- Bond funds attracted more money than their equity counterparts in 30 straight months through June, according to the Investment Company Institute, a Washington-based trade group. Preliminary data show the trend continued in July, matching the streak posted by bonds from 1984 through 1987. “Retail investors are still shocked by what has happened in the past two years.”
- Bond funds attracted $559 billion industrywide in the 30 months through June, according to ICI. Investors pulled $209.4 billion from domestic equity funds and $24.4 billion from funds that buy non-U.S. stocks. (yet the market was able to rally some 80% at peak? I believe that is called 'magic')
- From September 1984 through March 1987, a 31-month stretch, bond funds took in more money than stock funds, ICI data show, even as the S&P 500 Index rose 75 percent. Many U.S. investors were not yet comfortable owning stocks in the mid-1980s.
- “In contrast to today, bonds also offered pretty good returns back then,” he said in a telephone interview. The 10-year U.S. Treasury note had an average yield of 9.3 percent in that period, according to data compiled by Bloomberg. The 10-year note yields less than 3 percent now.
- Renewed economic uncertainty is testing Americans’ generation-long love affair with the stock market. Investors withdrew a staggering $33.12 billion from domestic stock market mutual funds in the first seven months of this year, according to theInvestment Company Institute, the mutual fund industry trade group. Small investors are “losing their appetite for risk,” a Credit Suisse analyst, Doug Cliggott, said in a report to investors on Friday.
- One of the phenomena of the last several decades has been the rise of the individual investor. As Americans have become more responsible for their own retirement, they have poured money into stocks with such faith that half of the country’s households now own shares directly or through mutual funds, which are by far the most popular way Americans invest in stocks. So the turnabout is striking.
- After past recessions, ordinary investors have typically regained their enthusiasm for stocks, hoping to profit as the economy recovered. This time, even as corporate earnings have improved, Americans have become more guarded with their investments. “At this stage in the economic cycle, $10 to $20 billion would normally be flowing into domestic equity funds” rather than the billions that are flowing out, said Brian K. Reid, chief economist of the investment institute. He added, “This is very unusual.”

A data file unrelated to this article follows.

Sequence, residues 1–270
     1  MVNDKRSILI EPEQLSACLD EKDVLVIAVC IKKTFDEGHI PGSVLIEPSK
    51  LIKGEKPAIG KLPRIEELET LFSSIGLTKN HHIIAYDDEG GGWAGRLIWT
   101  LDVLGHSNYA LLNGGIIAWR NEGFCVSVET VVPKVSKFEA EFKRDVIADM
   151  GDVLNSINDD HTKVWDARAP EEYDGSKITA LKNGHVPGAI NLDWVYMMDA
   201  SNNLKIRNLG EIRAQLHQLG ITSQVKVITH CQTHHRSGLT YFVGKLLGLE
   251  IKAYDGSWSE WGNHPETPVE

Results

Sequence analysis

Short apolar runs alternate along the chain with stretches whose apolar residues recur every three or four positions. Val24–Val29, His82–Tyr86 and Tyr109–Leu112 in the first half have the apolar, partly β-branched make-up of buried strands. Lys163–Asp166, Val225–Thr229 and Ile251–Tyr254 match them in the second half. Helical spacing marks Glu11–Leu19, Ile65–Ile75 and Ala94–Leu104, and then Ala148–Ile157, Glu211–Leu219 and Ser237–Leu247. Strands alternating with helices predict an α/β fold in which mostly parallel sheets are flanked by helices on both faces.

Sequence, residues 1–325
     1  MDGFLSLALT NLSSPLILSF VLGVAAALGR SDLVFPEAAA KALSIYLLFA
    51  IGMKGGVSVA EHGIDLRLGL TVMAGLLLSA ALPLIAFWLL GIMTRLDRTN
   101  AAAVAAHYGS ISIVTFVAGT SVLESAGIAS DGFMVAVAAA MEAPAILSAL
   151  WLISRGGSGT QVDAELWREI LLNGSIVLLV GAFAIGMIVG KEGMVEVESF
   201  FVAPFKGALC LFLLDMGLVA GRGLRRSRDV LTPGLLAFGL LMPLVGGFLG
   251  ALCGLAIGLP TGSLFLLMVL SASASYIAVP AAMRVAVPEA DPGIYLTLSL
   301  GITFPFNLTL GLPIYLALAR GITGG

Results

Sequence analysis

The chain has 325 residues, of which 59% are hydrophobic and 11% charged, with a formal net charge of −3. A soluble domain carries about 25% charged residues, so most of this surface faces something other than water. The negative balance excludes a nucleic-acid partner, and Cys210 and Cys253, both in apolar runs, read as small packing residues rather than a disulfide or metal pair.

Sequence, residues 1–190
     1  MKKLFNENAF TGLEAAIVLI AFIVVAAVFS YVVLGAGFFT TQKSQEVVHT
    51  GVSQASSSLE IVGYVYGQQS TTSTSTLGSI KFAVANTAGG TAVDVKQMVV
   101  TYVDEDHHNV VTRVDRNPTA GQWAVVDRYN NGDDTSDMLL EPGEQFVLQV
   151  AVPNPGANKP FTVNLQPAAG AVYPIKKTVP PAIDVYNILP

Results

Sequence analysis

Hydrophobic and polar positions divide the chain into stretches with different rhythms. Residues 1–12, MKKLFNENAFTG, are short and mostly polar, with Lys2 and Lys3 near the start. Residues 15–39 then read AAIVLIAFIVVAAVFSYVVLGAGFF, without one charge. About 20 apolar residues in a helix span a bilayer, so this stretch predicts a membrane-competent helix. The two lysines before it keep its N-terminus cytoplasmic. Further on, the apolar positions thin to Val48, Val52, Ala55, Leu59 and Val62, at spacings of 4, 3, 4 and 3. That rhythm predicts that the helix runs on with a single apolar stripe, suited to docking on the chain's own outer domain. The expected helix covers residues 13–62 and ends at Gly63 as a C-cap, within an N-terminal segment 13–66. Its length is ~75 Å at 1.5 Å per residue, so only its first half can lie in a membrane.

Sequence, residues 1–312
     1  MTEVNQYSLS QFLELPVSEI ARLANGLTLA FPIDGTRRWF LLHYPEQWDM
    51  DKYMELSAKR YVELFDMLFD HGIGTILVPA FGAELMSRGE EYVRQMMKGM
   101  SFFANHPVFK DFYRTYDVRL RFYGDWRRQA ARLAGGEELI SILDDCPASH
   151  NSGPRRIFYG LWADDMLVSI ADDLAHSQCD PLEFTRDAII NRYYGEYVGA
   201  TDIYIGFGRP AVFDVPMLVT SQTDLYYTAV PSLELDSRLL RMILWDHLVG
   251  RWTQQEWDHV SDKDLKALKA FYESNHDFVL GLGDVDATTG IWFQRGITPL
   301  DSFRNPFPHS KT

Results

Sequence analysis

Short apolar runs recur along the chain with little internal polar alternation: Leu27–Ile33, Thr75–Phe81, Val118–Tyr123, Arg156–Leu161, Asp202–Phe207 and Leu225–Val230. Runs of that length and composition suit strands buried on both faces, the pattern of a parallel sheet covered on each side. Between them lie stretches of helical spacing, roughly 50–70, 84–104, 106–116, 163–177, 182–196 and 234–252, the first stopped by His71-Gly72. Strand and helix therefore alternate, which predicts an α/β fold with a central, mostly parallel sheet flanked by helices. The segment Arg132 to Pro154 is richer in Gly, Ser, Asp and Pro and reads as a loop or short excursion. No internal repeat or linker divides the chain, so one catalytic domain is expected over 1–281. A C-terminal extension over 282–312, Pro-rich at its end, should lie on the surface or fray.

- The notion that stocks tend to be safe and profitable investments over time seems to have been dented in much the same way that a decline in home values and in job stability the last few years has altered Americans’ sense of financial security. It may take many years before it is clear whether this becomes a long-term shift in psychology. After technology and dot-com shares crashed in the early 2000s, for example, investors were quick to re-enter the stock market. Yet bigger economic calamities like the Great Depression affected people’s attitudes toward money for decades.
- To be sure, a lot of money is still flowing into the stock market from small investors, pension funds and other big institutional investors. But ordinary investors are reallocating their 401(k) retirement plans, according to Hewitt Associates, a consulting firm that tracks pension plans. Until two years ago, 70 percent of the money in 401(k) accounts it tracks was invested in stock funds; that proportion fell to 49 percent by the start of 2009 as people rebalanced their portfolios toward bond investments following the financial crisis in the fall of 2008. It is now back at 57 percent, but almost all of that can be attributed to the rising price of stocks in recent years. People are still staying with bonds.
- The flight from stocks may also be driven by households that are no longer able to tap into home equity for cash and may simply need the money to pay for ordinary expenses.
- On Friday, Fidelity Investments reported that a record number of people took so-called hardship withdrawals from their retirement accounts in the second quarter. These are early withdrawals intended to pay for needs like medical expenses.
Now about that new generation of 'suckers' for Wall Street to fleece? Looks like they are not very interested.
- According to the Investment Company Institute, which surveys 4,000 households annually, the appetite for stock market risk among American investors of all ages has been declining steadily since it peaked around 2001, and the change is most pronounced in the under-35 age group.